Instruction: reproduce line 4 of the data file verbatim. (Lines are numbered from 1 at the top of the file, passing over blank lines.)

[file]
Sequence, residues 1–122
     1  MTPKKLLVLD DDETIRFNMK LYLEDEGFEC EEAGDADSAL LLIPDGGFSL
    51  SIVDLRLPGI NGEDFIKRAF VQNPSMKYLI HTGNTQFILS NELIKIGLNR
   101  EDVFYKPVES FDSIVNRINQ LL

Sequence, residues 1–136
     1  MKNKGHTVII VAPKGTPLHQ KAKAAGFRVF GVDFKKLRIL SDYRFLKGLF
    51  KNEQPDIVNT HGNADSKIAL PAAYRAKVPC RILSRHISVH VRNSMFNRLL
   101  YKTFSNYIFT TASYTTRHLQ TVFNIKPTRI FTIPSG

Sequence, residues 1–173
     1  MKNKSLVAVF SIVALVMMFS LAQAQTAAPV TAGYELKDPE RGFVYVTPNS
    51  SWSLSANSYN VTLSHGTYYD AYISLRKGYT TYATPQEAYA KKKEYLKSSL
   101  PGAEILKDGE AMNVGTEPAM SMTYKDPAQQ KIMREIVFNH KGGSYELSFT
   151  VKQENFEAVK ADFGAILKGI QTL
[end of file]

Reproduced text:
   101  EDVFYKPVES FDSIVNRINQ LL